Exercise, aging, and cancer

Courneya, Kerry S.; Karvinen, Kristina H.
December 2007
Applied Physiology, Nutrition & Metabolism;Dec2007, Vol. 32 Issue 6, p1001
Academic Journal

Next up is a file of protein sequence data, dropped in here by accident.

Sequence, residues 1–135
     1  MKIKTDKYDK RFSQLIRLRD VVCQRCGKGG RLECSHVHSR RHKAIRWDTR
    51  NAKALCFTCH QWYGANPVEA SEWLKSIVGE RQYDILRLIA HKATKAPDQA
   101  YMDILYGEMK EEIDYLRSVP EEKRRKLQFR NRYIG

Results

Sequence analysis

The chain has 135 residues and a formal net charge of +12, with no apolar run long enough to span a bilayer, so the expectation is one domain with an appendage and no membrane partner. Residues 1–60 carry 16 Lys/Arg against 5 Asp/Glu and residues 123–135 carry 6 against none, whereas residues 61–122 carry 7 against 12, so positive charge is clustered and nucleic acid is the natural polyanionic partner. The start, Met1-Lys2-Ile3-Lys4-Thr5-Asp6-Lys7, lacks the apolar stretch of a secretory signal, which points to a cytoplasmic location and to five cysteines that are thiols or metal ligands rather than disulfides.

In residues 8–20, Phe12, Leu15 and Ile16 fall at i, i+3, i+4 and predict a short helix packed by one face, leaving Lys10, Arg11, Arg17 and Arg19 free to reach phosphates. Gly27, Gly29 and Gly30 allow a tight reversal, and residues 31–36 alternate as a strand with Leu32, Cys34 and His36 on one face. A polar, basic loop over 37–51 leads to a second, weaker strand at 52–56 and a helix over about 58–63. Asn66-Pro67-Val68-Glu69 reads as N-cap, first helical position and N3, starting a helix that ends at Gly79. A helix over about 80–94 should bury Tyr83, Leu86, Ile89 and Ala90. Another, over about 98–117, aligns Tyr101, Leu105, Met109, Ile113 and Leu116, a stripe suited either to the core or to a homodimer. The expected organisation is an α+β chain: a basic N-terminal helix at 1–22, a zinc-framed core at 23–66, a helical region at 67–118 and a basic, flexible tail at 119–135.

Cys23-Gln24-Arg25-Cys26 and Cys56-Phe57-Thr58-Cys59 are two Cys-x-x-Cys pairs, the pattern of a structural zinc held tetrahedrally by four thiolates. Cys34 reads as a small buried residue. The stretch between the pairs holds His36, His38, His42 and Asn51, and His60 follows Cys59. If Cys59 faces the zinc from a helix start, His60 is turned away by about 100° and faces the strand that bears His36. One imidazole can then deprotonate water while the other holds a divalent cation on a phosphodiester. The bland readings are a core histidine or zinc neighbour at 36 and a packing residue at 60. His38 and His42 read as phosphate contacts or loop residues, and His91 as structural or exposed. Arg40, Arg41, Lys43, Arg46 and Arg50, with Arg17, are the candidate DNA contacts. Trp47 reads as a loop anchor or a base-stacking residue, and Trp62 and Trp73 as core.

Cancer is a common disease that affects over 150 000 Canadians every year. About 78% of all cancers are diagnosed in adults aged 60 years and older. Improved survival rates for cancer survivors have brought lifestyle and quality of life issues to the forefront. In other chronic disease populations, exercise is considered a foundational health behavior; however, the benefits of exercise in cancer survivors are only beginning to be described. Moreover, what little is known about exercise in cancer survivors has been derived largely from research on middle-aged survivors. In the present article, we review the literature on exercise, aging, and cancer. Our review shows that very few studies have examined exercise in older cancer survivors or have approached the topic from an aging perspective. The limited research that is available suggests that, compared with middle-aged cancer survivors, older cancer survivors: (i) derive similar benefits from exercise, (ii) have lower exercise participation rates, (iii) have more difficulty adhering to an exercise program, and (iv) have different determinants of exercise motivation and behavior. We end by offering some future research directions that may help generate important new exercise knowledge in this underserved cancer survivor population.


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